The ancient art of sumo has been a Japanese tradition for over a thousand years, where both form and ceremony continue to play a major role in creating the atmosphere surrounding each bout.

The wrestling takes place in an arena of sand, which was traditionally covered by a fourpillared roof modelled on those of religious buildings. The practice of wrapping these pillars in green, red, white, and black was initiated in the spring of 1858. Each colour represents one of the four seasons: green for spring, the East and Seiryu, the Green Dragon; red for summer, the South and Shujaku, a mythical bird; white for autumn, the West and Byakko, the White Tiger; and black for winter, the North and Genbu, a water spirit. At the foot of each pillar sits a sumo elder who acts as referee.
The ancient art of sumo has been a Japanese tradition for over a thousand years, where both form and ceremony continue to play a major role in creating the atmosphere surrounding each bout.

The wrestling takes place in an arena of sand, which was traditionally covered by a fourpillared roof modelled on those of religious buildings. The practice of wrapping these pillars in green, red, white, and black was initiated in the spring of 1858. Each colour represents one of the four seasons: green for spring, the East and Seiryu, the Green Dragon; red for summer, the South and Shujaku, a mythical bird; white for autumn, the West and Byakko, the White Tiger; and black for winter, the North and Genbu, a water spirit. At the foot of each pillar sits a sumo elder who acts as referee.

© 1999, CHIN-Canadian Heritage Information Network. All Rights Reserved.

Baskets of salt are found at the base of two opposite pillars. Salt is symbolic in Japan as a purifying agent. Prior to each match, each combatant scatters salt around the arena in order to cleanse the area in which a violent match is about to take place. The scattering of salt is a tradition that has been practised at every sumo match since it was introduced in the 17th century.
Baskets of salt are found at the base of two opposite pillars. Salt is symbolic in Japan as a purifying agent. Prior to each match, each combatant scatters salt around the arena in order to cleanse the area in which a violent match is about to take place. The scattering of salt is a tradition that has been practised at every sumo match since it was introduced in the 17th century.

© 1999, CHIN-Canadian Heritage Information Network. All Rights Reserved.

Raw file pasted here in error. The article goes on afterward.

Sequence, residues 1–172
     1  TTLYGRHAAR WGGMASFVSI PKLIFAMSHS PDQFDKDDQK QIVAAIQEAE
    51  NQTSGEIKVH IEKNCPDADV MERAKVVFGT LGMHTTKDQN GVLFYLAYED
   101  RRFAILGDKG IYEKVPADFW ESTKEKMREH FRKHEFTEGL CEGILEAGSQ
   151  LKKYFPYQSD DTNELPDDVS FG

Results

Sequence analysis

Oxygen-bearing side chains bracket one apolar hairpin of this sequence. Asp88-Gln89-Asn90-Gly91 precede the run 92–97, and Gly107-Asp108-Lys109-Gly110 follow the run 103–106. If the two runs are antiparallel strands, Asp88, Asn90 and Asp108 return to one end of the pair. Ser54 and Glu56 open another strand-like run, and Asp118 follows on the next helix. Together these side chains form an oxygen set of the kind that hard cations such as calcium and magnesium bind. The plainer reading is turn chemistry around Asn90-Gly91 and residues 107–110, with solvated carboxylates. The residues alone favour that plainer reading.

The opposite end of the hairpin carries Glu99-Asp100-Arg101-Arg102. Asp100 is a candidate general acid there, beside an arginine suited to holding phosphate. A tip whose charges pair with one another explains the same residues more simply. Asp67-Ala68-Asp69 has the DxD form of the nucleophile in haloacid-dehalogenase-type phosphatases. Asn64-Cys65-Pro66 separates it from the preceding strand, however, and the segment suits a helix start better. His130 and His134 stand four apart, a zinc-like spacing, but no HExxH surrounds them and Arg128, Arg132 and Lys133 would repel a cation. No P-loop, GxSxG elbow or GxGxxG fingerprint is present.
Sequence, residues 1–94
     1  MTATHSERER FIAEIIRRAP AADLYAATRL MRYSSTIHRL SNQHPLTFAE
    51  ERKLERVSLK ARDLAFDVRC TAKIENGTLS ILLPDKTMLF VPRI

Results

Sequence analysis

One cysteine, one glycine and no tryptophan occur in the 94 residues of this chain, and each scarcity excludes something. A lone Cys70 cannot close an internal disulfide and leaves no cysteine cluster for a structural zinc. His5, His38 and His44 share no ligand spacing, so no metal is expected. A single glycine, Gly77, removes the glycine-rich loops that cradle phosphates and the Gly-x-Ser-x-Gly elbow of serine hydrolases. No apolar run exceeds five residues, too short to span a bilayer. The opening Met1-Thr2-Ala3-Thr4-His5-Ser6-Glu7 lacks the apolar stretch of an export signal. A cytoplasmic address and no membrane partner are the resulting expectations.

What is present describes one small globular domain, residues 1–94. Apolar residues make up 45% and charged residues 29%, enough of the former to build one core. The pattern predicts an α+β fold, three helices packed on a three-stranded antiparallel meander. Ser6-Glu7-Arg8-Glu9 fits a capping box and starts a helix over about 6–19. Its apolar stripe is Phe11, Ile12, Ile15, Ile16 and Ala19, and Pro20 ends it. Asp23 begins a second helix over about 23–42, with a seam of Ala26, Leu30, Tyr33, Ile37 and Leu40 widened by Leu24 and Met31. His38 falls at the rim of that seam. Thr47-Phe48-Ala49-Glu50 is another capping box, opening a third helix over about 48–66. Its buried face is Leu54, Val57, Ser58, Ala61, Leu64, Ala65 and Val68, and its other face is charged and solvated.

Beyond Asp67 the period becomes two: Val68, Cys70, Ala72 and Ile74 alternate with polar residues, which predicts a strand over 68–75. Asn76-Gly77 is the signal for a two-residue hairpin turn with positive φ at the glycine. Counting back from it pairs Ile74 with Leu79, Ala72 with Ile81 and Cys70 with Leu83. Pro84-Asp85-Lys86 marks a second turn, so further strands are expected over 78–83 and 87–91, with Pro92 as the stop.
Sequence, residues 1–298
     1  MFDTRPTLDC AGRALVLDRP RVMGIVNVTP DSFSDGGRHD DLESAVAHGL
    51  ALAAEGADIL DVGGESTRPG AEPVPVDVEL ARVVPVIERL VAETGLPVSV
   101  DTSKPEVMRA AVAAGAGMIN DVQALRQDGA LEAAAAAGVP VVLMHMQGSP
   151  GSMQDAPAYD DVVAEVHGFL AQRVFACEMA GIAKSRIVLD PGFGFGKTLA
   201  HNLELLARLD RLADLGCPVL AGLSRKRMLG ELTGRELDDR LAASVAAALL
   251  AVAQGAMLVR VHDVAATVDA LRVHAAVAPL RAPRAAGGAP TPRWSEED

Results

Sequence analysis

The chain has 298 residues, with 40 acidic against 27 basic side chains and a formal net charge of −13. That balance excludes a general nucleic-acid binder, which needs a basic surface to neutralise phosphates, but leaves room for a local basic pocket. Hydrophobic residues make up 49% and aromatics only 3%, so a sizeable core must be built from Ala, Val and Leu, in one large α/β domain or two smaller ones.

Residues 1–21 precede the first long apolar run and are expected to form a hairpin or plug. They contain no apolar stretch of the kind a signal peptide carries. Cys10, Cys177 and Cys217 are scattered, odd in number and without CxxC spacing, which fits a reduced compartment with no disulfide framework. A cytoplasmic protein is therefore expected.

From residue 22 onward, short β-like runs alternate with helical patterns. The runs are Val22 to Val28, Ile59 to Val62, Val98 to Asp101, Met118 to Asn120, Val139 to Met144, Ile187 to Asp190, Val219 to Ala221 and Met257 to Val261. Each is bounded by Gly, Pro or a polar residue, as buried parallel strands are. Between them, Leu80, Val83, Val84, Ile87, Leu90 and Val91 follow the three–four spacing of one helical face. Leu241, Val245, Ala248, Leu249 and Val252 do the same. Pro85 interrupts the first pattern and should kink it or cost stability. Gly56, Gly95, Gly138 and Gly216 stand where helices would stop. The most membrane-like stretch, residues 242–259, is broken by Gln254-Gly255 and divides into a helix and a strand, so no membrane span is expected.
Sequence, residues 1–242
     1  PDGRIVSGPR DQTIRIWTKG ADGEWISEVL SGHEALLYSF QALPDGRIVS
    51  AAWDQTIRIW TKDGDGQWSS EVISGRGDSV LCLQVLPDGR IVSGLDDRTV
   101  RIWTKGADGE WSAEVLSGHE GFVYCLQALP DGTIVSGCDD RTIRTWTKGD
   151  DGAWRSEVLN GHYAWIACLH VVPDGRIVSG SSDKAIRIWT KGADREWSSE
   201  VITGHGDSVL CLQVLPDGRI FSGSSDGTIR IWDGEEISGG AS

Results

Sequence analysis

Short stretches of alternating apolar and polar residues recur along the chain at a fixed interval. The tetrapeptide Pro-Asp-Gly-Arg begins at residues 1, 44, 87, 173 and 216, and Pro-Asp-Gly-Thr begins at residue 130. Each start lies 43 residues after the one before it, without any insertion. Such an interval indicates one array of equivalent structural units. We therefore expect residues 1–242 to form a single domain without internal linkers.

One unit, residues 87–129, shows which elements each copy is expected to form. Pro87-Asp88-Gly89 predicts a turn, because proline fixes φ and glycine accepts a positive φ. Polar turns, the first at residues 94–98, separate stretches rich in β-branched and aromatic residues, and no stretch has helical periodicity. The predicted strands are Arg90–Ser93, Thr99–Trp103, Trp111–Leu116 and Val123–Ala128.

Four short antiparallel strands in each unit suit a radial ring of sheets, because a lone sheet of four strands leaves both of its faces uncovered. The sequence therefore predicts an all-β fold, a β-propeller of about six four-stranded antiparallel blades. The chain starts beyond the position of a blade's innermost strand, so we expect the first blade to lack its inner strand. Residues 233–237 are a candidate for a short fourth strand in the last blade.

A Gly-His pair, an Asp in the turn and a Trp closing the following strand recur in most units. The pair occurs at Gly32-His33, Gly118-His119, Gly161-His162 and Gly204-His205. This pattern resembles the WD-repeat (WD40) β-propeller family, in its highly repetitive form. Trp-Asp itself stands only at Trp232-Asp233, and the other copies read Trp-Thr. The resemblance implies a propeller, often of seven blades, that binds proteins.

An artist’s depiction of sumo wrestlers

National Museum of Western Art, Tokyo, Vancouver Museum, Art Gallery of Greater Victoria, The Montre

© 1999, CHIN-Canadian Heritage Information Network. All Rights Reserved.


Actually, the art of sumo was less favoured in the Meiji era when Japanese who were more interested in new activities frequently shunned the traditions of earlier times. Today, however, sumo is once again popular, not only in Japan, but also in many Western countries.
Actually, the art of sumo was less favoured in the Meiji era when Japanese who were more interested in new activities frequently shunned the traditions of earlier times. Today, however, sumo is once again popular, not only in Japan, but also in many Western countries.

© 1999, CHIN-Canadian Heritage Information Network. All Rights Reserved.

The formalities of the prebout exercises, during which the opponents stomp their feet, clap noisily, throw salt, glare, and make threatening false starts, contribute to the excitement of the event. However, the bout itself rarely exceeds a minute. The wrestlers focus on pushing, a technique essential to sumo. The winner must either push his opponent out of the ring or cause any part of his body other than his feet to touch the ground. For a sumo wrestler to become Yokozuna, the highest class attainable, he must not only win matches, but also be of sumo "spirit".
The formalities of the prebout exercises, during which the opponents stomp their feet, clap noisily, throw salt, glare, and make threatening false starts, contribute to the excitement of the event. However, the bout itself rarely exceeds a minute. The wrestlers focus on pushing, a technique essential to sumo. The winner must either push his opponent out of the ring or cause any part of his body other than his feet to touch the ground. For a sumo wrestler to become Yokozuna, the highest class attainable, he must not only win matches, but also be of sumo "spirit".

© 1999, CHIN-Canadian Heritage Information Network. All Rights Reserved.

Triptych woodblock print of a sumo wrestling match with the wrestlers in action, under the buddhist-styled roof, surrounded by an audience-filled arena

Edo-Tokyo Museum

93200920-22
© 1999, CHIN-Canadian Heritage Information Network. All Rights Reserved.


Learning Objectives

The learner will:
  • Describe sumo wrestling, including its history, traditional practices, the events during a bout, and its spiritual and cultural significance to Japan
  • Explain why sumo was not as popular during the Meiji period as it was previously
  • Relate traditional Japanese sports to traditional sports in their own culture

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